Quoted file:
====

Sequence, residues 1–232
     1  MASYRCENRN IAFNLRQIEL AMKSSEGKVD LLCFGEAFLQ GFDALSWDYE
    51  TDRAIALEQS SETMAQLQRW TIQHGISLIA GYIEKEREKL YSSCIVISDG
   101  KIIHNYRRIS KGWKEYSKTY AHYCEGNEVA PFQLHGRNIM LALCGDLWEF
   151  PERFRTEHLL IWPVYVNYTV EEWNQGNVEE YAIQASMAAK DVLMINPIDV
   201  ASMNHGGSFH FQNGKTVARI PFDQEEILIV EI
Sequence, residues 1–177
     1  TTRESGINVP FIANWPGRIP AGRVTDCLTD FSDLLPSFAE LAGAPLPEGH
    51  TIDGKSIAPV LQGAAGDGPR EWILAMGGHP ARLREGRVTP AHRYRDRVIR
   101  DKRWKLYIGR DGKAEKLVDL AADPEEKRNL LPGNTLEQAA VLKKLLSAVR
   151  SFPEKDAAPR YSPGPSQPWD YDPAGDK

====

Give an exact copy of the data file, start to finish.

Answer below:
Sequence, residues 1–232
     1  MASYRCENRN IAFNLRQIEL AMKSSEGKVD LLCFGEAFLQ GFDALSWDYE
    51  TDRAIALEQS SETMAQLQRW TIQHGISLIA GYIEKEREKL YSSCIVISDG
   101  KIIHNYRRIS KGWKEYSKTY AHYCEGNEVA PFQLHGRNIM LALCGDLWEF
   151  PERFRTEHLL IWPVYVNYTV EEWNQGNVEE YAIQASMAAK DVLMINPIDV
   201  ASMNHGGSFH FQNGKTVARI PFDQEEILIV EI
Sequence, residues 1–177
     1  TTRESGINVP FIANWPGRIP AGRVTDCLTD FSDLLPSFAE LAGAPLPEGH
    51  TIDGKSIAPV LQGAAGDGPR EWILAMGGHP ARLREGRVTP AHRYRDRVIR
   101  DKRWKLYIGR DGKAEKLVDL AADPEEKRNL LPGNTLEQAA VLKKLLSAVR
   151  SFPEKDAAPR YSPGPSQPWD YDPAGDK